Frédéric Bastiat





Frédéric Bastiat


Born
in Bayonne, Aquitaine, France
June 30, 1801

Died
December 24, 1850

Genre

Influences
Richard Cobden, Anti-Corn Law League


Claude Frédéric Bastiat (29 June 1801 – 24 December 1850) was a French classical liberal theorist, political economist, and member of the French assembly.

Average rating: 4.40 · 8,268 ratings · 654 reviews · 136 distinct works · Similar authors
The Law

4.39 avg rating — 6,411 ratings — published 1849 — 136 editions
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That Which Is Seen and That...

4.51 avg rating — 753 ratings — published 1850 — 21 editions
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Economic Sophisms

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4.33 avg rating — 354 ratings — published 1848 — 65 editions
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The Economics of Freedom: W...

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4.24 avg rating — 171 ratings — published 2010 — 2 editions
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Essays on political economy

4.38 avg rating — 221 ratings — published 1968 — 46 editions
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Bastiat Collection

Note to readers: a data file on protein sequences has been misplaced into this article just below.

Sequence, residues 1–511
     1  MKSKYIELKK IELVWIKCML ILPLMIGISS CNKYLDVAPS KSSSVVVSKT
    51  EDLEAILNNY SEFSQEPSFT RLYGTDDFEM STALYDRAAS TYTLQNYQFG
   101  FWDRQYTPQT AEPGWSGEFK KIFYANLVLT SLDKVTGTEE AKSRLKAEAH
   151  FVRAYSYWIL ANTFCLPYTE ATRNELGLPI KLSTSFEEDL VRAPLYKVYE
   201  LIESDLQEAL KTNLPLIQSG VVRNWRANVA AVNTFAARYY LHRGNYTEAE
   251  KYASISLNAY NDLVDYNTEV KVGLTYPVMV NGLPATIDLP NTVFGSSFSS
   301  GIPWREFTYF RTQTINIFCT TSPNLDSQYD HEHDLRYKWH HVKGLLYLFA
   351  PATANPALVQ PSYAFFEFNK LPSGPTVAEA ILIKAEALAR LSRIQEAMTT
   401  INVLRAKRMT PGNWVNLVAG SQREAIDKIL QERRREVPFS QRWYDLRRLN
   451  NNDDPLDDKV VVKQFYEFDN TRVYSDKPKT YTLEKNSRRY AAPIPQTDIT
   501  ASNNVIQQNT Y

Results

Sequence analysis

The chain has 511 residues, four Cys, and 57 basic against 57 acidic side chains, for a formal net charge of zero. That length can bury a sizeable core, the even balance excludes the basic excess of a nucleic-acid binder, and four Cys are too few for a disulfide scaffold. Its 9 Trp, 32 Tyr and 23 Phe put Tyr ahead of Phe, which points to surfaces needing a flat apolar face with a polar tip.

4.68 avg rating — 159 ratings — published 2007 — 5 editions
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Economic Harmonies

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4.07 avg rating — 54 ratings — published 1850 — 9 editions
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Kisah Pembuat Lilin Melawan...

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3.85 avg rating — 20 ratings — published 2008
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Government

4.71 avg rating — 14 ratings
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What Is Money?

4.69 avg rating — 13 ratings — published 1849
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More books by Frédéric Bastiat…
“Socialism, like the ancient ideas from which it springs, confuses the distinction between government and society. As a result of this, every time we object to a thing being done by government, the socialists conclude that we object to its being done at all. We disapprove of state education. Then the socialists say that we are opposed to any education. We object to a state religion. Then the socialists say that we want no religion at all. We object to a state-enforced equality. Then they say that we are against equality. And so on, and so on. It is as if the socialists were to accuse us of not wanting persons to eat because we do not want the state to raise grain.”
Frédéric Bastiat, The Law
tags: 1850

“The state is that great fiction by which everyone tries to live at the expense of everyone else.”
Frédéric Bastiat

“If the natural tendencies of mankind are so bad that it is not safe to permit people to be free, how is it that the tendencies of these organizers are always good? Do not the legislators and their appointed agents also belong to the human race? Or do they believe that they themselves are made of a finer clay than the rest of mankind?”
Frédéric Bastiat, The Law

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